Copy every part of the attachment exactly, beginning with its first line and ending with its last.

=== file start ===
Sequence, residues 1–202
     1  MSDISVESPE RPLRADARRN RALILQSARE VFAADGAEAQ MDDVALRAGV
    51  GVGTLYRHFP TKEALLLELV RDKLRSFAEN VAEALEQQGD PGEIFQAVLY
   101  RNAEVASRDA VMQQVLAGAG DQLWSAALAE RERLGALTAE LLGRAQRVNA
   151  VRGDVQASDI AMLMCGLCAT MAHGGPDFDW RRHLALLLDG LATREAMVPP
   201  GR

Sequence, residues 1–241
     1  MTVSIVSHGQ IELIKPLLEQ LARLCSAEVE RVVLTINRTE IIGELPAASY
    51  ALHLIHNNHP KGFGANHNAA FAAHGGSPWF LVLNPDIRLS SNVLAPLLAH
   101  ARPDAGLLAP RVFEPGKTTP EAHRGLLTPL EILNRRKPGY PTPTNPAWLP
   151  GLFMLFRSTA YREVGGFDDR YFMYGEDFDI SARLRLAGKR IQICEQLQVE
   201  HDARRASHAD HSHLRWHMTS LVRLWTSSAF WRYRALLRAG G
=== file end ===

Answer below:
Sequence, residues 1–202
     1  MSDISVESPE RPLRADARRN RALILQSARE VFAADGAEAQ MDDVALRAGV
    51  GVGTLYRHFP TKEALLLELV RDKLRSFAEN VAEALEQQGD PGEIFQAVLY
   101  RNAEVASRDA VMQQVLAGAG DQLWSAALAE RERLGALTAE LLGRAQRVNA
   151  VRGDVQASDI AMLMCGLCAT MAHGGPDFDW RRHLALLLDG LATREAMVPP
   201  GR

Sequence, residues 1–241
     1  MTVSIVSHGQ IELIKPLLEQ LARLCSAEVE RVVLTINRTE IIGELPAASY
    51  ALHLIHNNHP KGFGANHNAA FAAHGGSPWF LVLNPDIRLS SNVLAPLLAH
   101  ARPDAGLLAP RVFEPGKTTP EAHRGLLTPL EILNRRKPGY PTPTNPAWLP
   151  GLFMLFRSTA YREVGGFDDR YFMYGEDFDI SARLRLAGKR IQICEQLQVE
   201  HDARRASHAD HSHLRWHMTS LVRLWTSSAF WRYRALLRAG G